Chemically Imbalanced is my eleventh project and my debut album at the same time. It’s the end of a chapter and the beginning of a new one. I was on the mixtape scene for a long time, I’m sure a lot of people whether they’re familiar with my music or not have seen my name come up in various blogs. Maybe they haven’t clicked, but they’ve seen it. This is the one where it’s going to be in everybody’s faces to the point where they’re going to have to check it out. This is the one I want them to check out. This is the first body of work I can step back from, look at it and say wow, this is—without sounding arrogant and all—this is more or less as far as my capacity a pretty flawless project. And not that I won’t continue to get better, but this is so much better than everything I’ve done before. It covers so much ground and it’s much more mature. Everybody knows me as the party [guy]. Of course I still do that, I still like to party but at the same time there’s other things. Like I said, I do cover world issues like politics, climate change, things that are real. Environmental stuff gets no coverage in hip hop. I feel like no one cares. They’re wearing fur and all this and that. I’m not down with that. It’s like, just care about something. Being a rapper, you have a platform to reach so many peoples’ ears to put some positivity behind that is just enough to bring awareness to something. It’s important to do that and let people know what’s going on in my life.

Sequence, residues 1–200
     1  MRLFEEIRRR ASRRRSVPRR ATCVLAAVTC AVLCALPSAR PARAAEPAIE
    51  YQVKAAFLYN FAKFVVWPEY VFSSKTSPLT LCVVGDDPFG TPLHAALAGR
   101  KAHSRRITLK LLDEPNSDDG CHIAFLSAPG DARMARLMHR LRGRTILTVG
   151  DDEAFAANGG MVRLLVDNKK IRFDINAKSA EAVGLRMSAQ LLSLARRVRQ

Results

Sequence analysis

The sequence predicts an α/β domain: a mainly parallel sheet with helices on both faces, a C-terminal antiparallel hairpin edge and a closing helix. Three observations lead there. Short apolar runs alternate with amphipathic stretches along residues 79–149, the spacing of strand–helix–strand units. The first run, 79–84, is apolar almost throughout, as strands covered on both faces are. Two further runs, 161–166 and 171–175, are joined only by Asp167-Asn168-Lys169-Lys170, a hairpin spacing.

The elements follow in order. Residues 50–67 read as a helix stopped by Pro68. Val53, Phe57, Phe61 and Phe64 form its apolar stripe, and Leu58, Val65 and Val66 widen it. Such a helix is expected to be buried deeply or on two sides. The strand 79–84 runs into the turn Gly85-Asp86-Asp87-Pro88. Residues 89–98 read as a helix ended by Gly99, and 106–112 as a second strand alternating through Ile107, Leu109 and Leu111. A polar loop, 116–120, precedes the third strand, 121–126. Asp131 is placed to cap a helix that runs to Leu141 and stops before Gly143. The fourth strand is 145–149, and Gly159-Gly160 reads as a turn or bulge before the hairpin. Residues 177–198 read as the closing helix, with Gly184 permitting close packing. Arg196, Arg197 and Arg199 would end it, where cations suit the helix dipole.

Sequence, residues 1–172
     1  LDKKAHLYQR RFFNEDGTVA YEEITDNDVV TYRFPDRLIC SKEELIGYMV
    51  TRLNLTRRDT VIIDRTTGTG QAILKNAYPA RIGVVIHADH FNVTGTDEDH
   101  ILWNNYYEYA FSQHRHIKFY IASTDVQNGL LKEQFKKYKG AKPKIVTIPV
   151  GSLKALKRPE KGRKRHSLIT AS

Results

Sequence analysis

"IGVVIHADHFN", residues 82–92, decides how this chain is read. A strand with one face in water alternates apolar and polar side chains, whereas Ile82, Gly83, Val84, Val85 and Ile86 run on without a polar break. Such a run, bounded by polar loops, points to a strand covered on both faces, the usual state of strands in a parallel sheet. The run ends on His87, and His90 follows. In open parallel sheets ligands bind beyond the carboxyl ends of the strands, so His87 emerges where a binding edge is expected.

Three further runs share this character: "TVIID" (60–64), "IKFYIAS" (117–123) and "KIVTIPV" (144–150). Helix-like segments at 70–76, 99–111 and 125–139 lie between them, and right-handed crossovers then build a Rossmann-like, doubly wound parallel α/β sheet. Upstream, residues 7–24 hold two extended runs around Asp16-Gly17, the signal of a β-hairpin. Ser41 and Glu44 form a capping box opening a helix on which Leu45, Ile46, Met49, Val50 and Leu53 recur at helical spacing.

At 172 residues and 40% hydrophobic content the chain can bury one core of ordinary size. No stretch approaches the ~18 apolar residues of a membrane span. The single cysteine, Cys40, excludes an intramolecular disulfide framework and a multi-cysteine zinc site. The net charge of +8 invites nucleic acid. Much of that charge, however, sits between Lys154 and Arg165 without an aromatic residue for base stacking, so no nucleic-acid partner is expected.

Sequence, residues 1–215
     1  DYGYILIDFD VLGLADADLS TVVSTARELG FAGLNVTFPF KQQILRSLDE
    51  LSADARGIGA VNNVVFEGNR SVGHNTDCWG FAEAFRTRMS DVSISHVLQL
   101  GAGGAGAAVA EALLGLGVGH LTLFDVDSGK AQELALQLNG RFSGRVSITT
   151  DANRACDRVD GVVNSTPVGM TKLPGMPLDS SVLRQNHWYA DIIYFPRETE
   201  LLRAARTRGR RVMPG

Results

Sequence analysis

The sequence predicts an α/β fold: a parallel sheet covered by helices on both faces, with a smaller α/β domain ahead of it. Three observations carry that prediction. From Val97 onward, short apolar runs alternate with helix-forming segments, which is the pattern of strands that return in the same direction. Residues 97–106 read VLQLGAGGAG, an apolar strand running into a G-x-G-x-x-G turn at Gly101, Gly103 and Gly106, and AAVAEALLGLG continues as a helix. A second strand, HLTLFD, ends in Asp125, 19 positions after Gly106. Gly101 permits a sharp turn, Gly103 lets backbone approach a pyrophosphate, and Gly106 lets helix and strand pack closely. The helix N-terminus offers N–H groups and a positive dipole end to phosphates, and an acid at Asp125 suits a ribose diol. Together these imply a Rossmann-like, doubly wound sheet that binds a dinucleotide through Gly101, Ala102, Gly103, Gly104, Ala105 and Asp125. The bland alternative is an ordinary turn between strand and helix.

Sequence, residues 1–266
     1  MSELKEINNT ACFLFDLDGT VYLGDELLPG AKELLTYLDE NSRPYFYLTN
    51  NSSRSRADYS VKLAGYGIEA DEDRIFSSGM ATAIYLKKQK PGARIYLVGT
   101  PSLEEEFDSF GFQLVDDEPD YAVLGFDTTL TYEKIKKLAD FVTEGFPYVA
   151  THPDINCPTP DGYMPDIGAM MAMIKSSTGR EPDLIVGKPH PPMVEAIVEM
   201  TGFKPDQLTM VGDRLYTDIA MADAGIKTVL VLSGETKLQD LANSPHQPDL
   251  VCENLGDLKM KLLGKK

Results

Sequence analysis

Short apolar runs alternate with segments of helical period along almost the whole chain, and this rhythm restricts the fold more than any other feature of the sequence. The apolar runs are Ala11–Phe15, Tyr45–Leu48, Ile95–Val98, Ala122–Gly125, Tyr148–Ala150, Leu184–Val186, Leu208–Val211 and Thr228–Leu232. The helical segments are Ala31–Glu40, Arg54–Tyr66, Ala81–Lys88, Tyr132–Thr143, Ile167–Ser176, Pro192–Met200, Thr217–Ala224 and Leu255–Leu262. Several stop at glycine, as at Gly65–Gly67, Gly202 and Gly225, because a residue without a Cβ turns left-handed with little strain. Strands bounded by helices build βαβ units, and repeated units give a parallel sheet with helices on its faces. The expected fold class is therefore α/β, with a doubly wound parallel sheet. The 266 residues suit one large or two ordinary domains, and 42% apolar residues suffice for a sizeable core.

There are songs that talk about how being a regular guy who’s very down to earth and humble and getting thrown into this world where most of your peers aren’t. And you’re not expected to be, and how crazy that is dealing with fans all the time. You just see yourself as Christian Webster and they see you as Chris Webby, it’s a whole ‘nother thing and it’s great. I always hang out with the fans. I stay after and sign everything, but sometimes I just wanna be Chris right now. I want to be Christian and go to the gym and get in my zone and not do the whole “Yo, what’s up? Yeah, a picture?” You know, I’m actually on the sit up machine or doing some weight work. It’s a little crazy but at the same time you can’t be mad at that. This is what we do this for. People think this life is so glamorous and like the show Entourage. There are so many sacrifices to be made. Being on tour is physically so demanding. So many people need to know that this is not one big party at the club then you record a song or two. This is a full-time thing. I don’t get to see my friends and family very much and a relationship is literally impossible. I wouldn’t even engage in a relationship with a chick, there would be no point. It’s the little things like having a routine. It may get boring but there’s some beauty in that when you’re all over the place all the time. I cover a lot of ground on this album and of course there’s still the bars and the punchlines that I came out with originally in the mixtape shit, because I’ve always been known for the punchlines. It’s cohesive.